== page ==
Dinosaur-Killing Asteroid Came From The ‘Dark Corners’ Of Our Solar System


A meteorite about 10 kilometers (6.2 miles) in diameter believed to have wiped out about 76% of all species on Earth – including dinosaurs – some 66 million years ago likely came from the outer half of the main asteroid belt, a region previously thought to produce few impactors.

The impact formed the Chicxulub crater, which is around 200 kilometers (90 miles) wide, along the coast of the Yucatan Peninsula. The impact would have thrown trillions of tons of dust into the atmosphere, cooling the Earths climate significantly, which may have been responsible for the mass extinction. A layer of iridium-rich clay marking the boundary betwee the Cretaceous and Paleogene period is thought to be the remnants of the impact debris.

Researchers from the independent Southwest Research Institute (SwRI) in San Antonio, Texas, combined chemical traces of the impactor preserved in the impact crater, observations of the trajectories of known asteroids and computer models to investigate the origin and frequency of so-called Chicxulub events.

Geologists have previously examined 66-million-year-old rock samples recovered from drill cores within the Chicxulub crater. The results indicate the impactor was similar to the carbonaceous chondrite class of meteorites, believed to be primordial leftovers of the solar system’s formation.

While carbonaceous chondrites are common meteorites, none today are close to the sizes needed to produce the Chicxulub impact.

“We decided to look for where the siblings of the Chicxulub impactor might be hiding,” said study lead author Dr. David Nesvorný in a statement published by the SwRI.

“To explain their absence, several past groups have simulated large asteroid and comet breakups in the inner solar system, looking at surges of impacts on Earth with the largest one producing Chicxulub crater,” said Dr. William Bottke, one of the paper’s co-authors. “While many of these models had interesting properties, none provided a satisfying match to what we know about asteroids and comets. It seemed like we were still missing something important.”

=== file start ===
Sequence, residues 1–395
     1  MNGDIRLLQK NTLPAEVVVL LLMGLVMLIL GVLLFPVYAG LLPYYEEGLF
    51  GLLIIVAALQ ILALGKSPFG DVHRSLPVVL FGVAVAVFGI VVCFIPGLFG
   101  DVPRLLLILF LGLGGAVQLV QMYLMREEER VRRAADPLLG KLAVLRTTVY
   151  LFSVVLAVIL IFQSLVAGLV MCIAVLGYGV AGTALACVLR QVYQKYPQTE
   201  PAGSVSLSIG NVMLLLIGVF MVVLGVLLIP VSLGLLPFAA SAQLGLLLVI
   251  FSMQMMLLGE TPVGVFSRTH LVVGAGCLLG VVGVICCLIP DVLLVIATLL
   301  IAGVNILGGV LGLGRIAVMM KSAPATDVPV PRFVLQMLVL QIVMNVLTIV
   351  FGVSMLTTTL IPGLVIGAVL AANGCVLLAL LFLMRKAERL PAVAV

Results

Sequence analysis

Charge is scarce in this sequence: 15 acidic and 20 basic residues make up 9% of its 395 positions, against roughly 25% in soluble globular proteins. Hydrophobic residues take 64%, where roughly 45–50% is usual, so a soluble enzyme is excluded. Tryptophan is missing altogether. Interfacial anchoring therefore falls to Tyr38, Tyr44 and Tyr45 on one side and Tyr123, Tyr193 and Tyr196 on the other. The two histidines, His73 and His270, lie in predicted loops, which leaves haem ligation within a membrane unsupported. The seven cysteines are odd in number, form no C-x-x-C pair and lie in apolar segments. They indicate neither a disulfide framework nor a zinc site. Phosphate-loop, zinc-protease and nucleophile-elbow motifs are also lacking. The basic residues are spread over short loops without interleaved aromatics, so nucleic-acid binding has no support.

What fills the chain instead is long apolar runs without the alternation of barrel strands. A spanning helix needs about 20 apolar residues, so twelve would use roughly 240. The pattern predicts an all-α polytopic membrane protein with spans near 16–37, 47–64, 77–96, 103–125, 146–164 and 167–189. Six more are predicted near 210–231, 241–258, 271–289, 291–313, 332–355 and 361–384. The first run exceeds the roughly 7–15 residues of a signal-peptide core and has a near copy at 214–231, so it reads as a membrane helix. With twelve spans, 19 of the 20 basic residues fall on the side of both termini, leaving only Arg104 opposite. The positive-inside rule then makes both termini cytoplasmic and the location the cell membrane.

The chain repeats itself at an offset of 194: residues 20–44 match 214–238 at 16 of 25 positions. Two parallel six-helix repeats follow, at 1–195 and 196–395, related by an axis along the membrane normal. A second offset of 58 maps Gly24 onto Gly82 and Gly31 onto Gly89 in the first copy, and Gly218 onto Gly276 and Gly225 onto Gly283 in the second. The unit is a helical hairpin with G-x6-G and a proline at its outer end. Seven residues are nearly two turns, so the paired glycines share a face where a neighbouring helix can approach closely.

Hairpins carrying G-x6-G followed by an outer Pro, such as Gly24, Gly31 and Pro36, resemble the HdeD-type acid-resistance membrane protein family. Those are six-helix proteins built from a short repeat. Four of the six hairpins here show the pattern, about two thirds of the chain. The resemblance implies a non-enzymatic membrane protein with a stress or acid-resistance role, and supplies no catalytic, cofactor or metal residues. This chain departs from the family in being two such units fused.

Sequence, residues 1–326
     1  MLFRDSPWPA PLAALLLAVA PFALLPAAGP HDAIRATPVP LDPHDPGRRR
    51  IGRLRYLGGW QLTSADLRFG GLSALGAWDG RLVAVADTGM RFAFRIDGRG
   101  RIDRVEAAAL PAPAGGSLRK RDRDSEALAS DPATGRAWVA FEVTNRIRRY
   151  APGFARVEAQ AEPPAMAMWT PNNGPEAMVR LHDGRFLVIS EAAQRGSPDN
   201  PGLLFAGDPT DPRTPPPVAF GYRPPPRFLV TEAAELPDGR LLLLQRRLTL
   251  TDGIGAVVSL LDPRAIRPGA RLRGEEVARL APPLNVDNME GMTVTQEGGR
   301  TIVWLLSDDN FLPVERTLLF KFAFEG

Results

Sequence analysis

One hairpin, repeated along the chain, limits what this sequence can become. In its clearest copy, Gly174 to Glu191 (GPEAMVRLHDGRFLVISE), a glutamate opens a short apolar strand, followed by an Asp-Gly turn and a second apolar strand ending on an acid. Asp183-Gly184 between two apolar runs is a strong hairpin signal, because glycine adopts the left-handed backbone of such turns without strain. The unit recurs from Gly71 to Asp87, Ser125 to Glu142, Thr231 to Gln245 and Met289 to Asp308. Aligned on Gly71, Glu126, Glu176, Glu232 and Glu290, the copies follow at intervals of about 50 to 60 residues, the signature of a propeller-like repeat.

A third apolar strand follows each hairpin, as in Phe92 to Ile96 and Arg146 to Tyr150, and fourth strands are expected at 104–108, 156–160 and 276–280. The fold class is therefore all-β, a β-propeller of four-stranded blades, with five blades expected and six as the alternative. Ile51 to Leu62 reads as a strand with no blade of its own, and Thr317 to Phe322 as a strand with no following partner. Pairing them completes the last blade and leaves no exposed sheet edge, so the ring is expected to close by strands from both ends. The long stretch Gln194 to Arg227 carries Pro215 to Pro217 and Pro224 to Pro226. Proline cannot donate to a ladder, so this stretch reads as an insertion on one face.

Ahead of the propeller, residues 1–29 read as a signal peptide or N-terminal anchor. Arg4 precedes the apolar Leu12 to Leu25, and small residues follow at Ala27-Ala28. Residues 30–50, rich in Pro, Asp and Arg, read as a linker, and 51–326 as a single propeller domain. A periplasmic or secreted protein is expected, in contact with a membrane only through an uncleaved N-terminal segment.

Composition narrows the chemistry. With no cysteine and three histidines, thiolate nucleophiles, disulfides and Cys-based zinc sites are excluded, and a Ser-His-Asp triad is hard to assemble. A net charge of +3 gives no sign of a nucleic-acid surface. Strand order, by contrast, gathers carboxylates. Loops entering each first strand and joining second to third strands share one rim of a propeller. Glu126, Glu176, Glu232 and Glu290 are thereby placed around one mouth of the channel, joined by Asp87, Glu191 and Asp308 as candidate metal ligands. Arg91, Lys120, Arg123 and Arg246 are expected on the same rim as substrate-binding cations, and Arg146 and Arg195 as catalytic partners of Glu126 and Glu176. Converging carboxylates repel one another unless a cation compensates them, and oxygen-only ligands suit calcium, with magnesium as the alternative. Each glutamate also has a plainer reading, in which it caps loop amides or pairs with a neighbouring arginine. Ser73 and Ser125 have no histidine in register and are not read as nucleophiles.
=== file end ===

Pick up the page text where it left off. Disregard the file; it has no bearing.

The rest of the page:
The researchers used computer models that track how objects escape the main asteroid belt, a zone of small planetary bodies located between the orbits of Mars and Jupiter. Over eons, gravitational forces can push asteroids into orbits nearing Earth. Using NASA’s Pleaides Supercomputer, the team followed 130,000 model asteroids evolving in this slow, steady manner for hundreds of millions of years. Particular attention was given to asteroids located in the outer half of the asteroid belt, the part that is furthest from the Sun. To their surprise, they found that 10-kilometers-wide asteroids from this region strike the Earth at least 10 times more often than previously calculated.

“This result is intriguing not only because the outer half of the asteroid belt is home to large numbers of carbonaceous chondrite impactors, but also because the team’s simulations can, for the first time, reproduce the orbits of large asteroids on the verge of approaching Earth,” said co-author Dr. Simone Marchi. “Our explanation for the source of the Chicxulub impactor fits in beautifully with what we already know about how asteroids evolve.”



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